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JULY 5, 2011 * Links
Starting an Open Water Swim Race

How you start the open water swim leg of your triathlon often contributes significantly to your race outcome. A relaxed, efficient swim sets you up for a fluid transition, giving you confidence and energy for the remainder of the race. This article will help you achieve a quicker, more successful start with 7 simple reminders, including how to warm up faster, breathe easier, become mentally focused, swim faster.

Many races do not offer an opportunity to warm up in the water prior to the race. The time prior to the race and the first few minutes of the swim are crucial for warming up your muscles and establishing a positive racing attitude. The following are reminders to help you begin an enjoyable and successful race.

1. Arrive at the event mentally tuned. Any race begins weeks and months beforehand with both mental and physical training and preparation. Since triathlons are outdoor events, you need to expect variables for which you may or may not be able to train or prepare. In other words, be prepared for the unexpected. Your strongest muscle on race day is your mind. Only you can convert the most unexpected or difficult circumstances to your advantage. All your training and practice is now “in the bank.” Race day is withdrawal time from that training “bank”.

2. Use the waiting time to go through a dry land warm-up. Stretch prior to the race; do arm circles to warm up shoulders, stretch your neck, back, legs and arms. Do light exercises to increase your heart rate, a quick run in place or jumping jacks.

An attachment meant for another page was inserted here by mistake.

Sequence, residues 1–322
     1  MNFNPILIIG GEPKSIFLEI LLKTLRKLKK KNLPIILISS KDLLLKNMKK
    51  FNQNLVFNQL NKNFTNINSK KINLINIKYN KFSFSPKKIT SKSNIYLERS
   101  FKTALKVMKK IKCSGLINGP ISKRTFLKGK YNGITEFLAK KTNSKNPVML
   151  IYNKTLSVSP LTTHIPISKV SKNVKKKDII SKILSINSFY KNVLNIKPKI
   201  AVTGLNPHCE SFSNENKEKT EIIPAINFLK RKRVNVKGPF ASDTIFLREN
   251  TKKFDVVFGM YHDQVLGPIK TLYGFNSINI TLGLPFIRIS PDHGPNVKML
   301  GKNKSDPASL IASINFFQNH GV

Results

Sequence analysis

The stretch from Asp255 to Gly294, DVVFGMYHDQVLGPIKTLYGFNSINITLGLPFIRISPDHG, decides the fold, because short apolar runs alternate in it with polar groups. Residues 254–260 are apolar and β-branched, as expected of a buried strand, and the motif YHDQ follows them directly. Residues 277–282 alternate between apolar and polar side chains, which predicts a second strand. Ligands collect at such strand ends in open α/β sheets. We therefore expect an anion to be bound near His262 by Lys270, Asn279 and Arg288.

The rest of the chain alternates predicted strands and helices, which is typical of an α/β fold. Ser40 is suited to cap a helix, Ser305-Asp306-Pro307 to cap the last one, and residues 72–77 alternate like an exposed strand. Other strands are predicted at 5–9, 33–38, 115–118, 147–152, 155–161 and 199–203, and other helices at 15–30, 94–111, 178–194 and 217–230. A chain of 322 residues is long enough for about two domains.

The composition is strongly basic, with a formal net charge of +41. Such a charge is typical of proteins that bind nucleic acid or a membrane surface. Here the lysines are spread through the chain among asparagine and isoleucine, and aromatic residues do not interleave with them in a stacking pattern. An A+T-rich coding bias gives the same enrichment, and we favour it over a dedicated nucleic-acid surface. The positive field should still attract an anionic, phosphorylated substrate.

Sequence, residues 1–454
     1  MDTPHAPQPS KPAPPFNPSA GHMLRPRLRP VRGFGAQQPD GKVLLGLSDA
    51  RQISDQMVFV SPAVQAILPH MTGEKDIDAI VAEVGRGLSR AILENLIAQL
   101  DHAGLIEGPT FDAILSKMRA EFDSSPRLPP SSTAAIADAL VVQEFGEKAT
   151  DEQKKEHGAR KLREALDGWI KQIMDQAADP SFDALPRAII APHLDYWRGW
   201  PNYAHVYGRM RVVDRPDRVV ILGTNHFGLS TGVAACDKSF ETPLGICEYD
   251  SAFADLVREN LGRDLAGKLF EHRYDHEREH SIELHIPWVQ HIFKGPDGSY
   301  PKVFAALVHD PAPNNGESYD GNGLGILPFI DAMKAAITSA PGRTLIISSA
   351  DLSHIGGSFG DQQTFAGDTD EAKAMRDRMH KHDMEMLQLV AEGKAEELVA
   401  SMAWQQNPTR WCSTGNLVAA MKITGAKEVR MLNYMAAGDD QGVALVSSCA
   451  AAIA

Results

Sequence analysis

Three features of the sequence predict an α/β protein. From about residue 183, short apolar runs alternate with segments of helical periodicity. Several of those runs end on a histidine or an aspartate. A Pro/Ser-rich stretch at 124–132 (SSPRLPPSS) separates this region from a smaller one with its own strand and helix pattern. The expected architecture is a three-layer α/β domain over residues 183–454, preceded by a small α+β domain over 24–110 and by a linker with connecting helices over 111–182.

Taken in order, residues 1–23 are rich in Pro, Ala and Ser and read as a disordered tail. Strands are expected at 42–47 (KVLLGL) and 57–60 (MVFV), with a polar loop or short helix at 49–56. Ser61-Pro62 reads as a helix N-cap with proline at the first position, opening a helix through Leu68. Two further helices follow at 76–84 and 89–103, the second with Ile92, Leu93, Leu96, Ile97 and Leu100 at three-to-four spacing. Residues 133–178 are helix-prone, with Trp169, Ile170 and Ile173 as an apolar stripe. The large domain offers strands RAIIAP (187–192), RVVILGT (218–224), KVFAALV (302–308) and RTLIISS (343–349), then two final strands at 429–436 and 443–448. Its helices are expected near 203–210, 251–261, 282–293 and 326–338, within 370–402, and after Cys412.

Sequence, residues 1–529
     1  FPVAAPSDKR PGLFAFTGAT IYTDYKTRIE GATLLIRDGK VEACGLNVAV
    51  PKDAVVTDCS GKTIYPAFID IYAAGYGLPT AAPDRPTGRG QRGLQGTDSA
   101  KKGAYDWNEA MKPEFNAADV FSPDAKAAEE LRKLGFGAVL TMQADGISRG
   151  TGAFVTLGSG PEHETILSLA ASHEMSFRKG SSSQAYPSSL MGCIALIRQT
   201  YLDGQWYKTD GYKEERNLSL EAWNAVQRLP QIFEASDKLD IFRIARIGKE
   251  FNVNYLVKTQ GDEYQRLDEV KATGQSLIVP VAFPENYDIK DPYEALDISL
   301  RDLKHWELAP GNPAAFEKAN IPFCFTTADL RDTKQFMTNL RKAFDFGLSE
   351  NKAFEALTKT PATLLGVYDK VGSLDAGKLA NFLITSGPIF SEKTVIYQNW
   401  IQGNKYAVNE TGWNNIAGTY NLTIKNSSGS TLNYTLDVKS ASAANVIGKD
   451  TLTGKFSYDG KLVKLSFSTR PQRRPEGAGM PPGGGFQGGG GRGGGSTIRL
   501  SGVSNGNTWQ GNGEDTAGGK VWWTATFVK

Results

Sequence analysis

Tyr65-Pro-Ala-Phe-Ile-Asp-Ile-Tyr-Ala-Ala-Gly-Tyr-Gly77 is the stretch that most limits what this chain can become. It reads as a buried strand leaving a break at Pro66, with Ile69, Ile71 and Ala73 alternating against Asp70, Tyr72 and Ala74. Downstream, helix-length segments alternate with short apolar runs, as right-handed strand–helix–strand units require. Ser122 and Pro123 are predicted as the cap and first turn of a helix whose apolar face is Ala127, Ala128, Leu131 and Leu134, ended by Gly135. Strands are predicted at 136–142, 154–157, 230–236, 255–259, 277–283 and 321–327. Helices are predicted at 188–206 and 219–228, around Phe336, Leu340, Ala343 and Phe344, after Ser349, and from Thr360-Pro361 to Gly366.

3. When you enter the water, move your hands and legs to acclimate to the temperature and gain a “feel” for the water. Once the gun has sounded and your swimming wave has begun, excitement and adrenaline are at their highest. Remain calm and focused to stay in your zone. You still will need to warm up your swimming muscles. Begin at a steady pace, remembering that your muscles naturally tighten up during the first 300m of warm-up before they begin to loosen up.

4. Every racer is experiencing a similar process. Stay focused on your own race and your priorities. The chaos of a mass start almost guarantees you that you will be hit, kicked, pushed, or swum over; you may breathe in water, your goggles may get water in them. Practice or simulate these conditions as closely as possible to become familiar with what they feel like and how to remedy any equipment problems.

5. Breathe. Steadily breathe in and breathe out. Generally, we do not think about breathing on land. In the water, it quickly rises to the top of the priority list. Breathing changes from an unconscious function to a conscious necessity. During the warm-up process your lungs adjust to the activity and conditions and often feel tight. Many people think their wetsuit is constricting them, but more than likely, they are still naturally warming up. Remain calm, keep moving, and the tightness will subside.

6. To help solidify your rhythm or pace, begin exhaling as soon as you finish inhaling. Do you hold your breath when you run? Swimming should be no different. Full, even breaths help oxygen transfer to your muscles more efficiently, which in turn speeds your acceleration into race pace. Sometimes you can draft off the person in front of you to ease through warm-up and into your pace. Remember to maintain proper body position, head position, and efficient stroke as you continue into the remainder of the swim.

7. Practice, practice, practice. Stay positive, challenge and invigorate yourself, and most important, have fun!





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